Celgene, though, also added a $530 million deal — $50 million up front — to get the worldwide rights to JTX-8064, a drug that targets the LILRB2 receptor on macrophages.

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Leen Kawas, Athira CEO (Athira)

Can a small biotech suc­cess­ful­ly tack­le an Ever­est climb like Alzheimer’s? Athi­ra has $85M and some in­flu­en­tial back­ers ready to give it a shot

There haven’t been a lot of big venture rounds for biotech companies looking to run a Phase II study in Alzheimer’s.

The field has been a disaster over the past decade. Amyloid didn’t pan out as a target — going down in a litany of Phase III failures — and is now making its last stand at Biogen. Tau is a comer, but when you look around and all you see is destruction, the idea of backing a startup trying to find complex cocktails to swing the course of this devilishly complicated memory-wasting disease would daunt the pluckiest investors.

Fangliang Zhang, AP Images

UP­DAT­ED: Leg­end fetch­es $424 mil­lion, emerges as biggest win­ner yet in pan­dem­ic IPO boom as shares soar

Amid a flurry of splashy pandemic IPOs, a J&J-partnered Chinese biotech has emerged with one of the largest public raises in biotech history.

Legend Biotech, the Nanjing-based CAR-T developer, has raised $424 million on NASDAQ. The biotech had originally filed for a still-hefty $350 million, based on a range of $18-$20, but managed to fetch $23 per share, allowing them to well-eclipse the massive raises from companies like Allogene, Juno, Galapagos, though they’ll still fall a few dollars short of Moderna’s record-setting $600 million raise from 2018.

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As it hap­pened: A bid­ding war for an an­tibi­ot­ic mak­er in a mar­ket that has rav­aged its peers

In a bewildering twist to the long-suffering market for antibiotics — there has actually been a bidding war for an antibiotic company: Tetraphase.

It all started back in March, when the maker of Xerava (an FDA approved therapy for complicated intra-abdominal infections) said it had received an offer from AcelRx for an all-stock deal valued at $14.4 million.

The offer was well-timed. Xerava was approved in 2018, four years after Tetraphase posted its first batch of pivotal trial data, and sales were nowhere near where they needed to be in order for the company to keep its head above water.

RA Cap­i­tal, Hill­house join $310M rush to back Ever­est's climb to com­mer­cial heights in Chi­na

Money has never been an issue for Everest Medicines. With an essentially open tab from their founders at C-Bridge Capital, the biotech has gone two and a half years racking up drug after drug, bringing in top exec after top exec, and issuing clinical update after update.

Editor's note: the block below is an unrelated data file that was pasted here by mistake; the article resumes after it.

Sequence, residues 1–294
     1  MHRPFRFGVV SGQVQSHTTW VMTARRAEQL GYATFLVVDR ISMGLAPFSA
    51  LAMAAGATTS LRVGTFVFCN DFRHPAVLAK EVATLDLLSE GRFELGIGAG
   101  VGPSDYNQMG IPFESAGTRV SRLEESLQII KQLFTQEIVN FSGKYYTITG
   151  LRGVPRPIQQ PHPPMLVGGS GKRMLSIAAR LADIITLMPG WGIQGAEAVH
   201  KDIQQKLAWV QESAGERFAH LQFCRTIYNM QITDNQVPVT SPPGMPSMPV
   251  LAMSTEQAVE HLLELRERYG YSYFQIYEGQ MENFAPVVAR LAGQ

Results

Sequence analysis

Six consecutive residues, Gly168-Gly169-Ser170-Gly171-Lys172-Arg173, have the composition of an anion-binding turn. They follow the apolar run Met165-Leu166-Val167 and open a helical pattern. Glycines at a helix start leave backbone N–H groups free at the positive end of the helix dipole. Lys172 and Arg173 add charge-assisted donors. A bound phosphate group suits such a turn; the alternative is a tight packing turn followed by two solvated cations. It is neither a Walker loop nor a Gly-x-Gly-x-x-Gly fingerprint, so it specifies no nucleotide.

But now other investors want in — and they’re betting big.

Everest is closing its Series C at $310 million. The first $50 million comes from the Jiashan National Economic and Technological Development Zone; the remaining C-2 tranche was led by Janchor Partners, with RA Capital Management and Hillhouse Capital as co-leaders. Decheng Capital, GT Fund, Janus Henderson Investors, Rock Springs Capital, Octagon Investments all joined.

Por­tion of Neil Wood­ford’s re­main­ing in­vest­ments, in­clud­ing Nanopore, sold off for $284 mil­lion

It’s been precisely one year and one day since Neil Woodford froze his once-vaunted fund, and while a global pandemic has recently shielded him from the torrent of headlines, the fallout continues.

Today, the California-based patent licensing firm Acacia Research acquired the fund’s shares for 19 healthcare and biotech companies for $284 million.  Those companies include shares for public and private companies and count some of Woodford’s most prominent bio-bets, such as Theravance Biopharma, Oxford Nanopore and Mereo Biopharma, according to Sky News, which first reported the sale. It won’t include shares for BenevelontAI, the machine learning biotech once valued at $2 billion.

Drug man­u­fac­tur­ing gi­ant Lon­za taps Roche/phar­ma ‘rein­ven­tion’ vet as its new CEO

Lonza chairman Albert Baehny took his time headhunting a new CEO for the company, making it absolutely clear he wanted a Big Pharma or biotech CEO with a good long track record in the business for the top spot. In the end, he went with the gold standard, turning to Roche’s ranks to recruit Pierre-Alain Ruffieux for the job.

Ruffieux, a member of the pharma leadership team at Roche, spent close to 5 years at the company. But like a small army of manufacturing execs, he gained much of his experience at the other Big Pharma in Basel, remaining at Novartis for 12 years before expanding his horizons.

Covid-19 roundup: Ab­b­Vie jumps in­to Covid-19 an­ti­body hunt; As­traZeneca shoots for 2B dos­es of Ox­ford vac­cine — with $750M from CEPI, Gavi

Another Big Pharma is entering the Covid-19 antibody hunt.

AbbVie has announced a collaboration with the Netherlands’ Utrecht University and Erasmus Medical Center and the Chinese-Dutch biotech Harbour Biomed to develop a neutralizing antibody that can treat Covid-19. The antibody, called 47D11, was discovered by AbbVie’s three partners, and AbbVie will support early preclinical work, while preparing for later preclinical and clinical development. Researchers described the antibody in Nature Communications last month.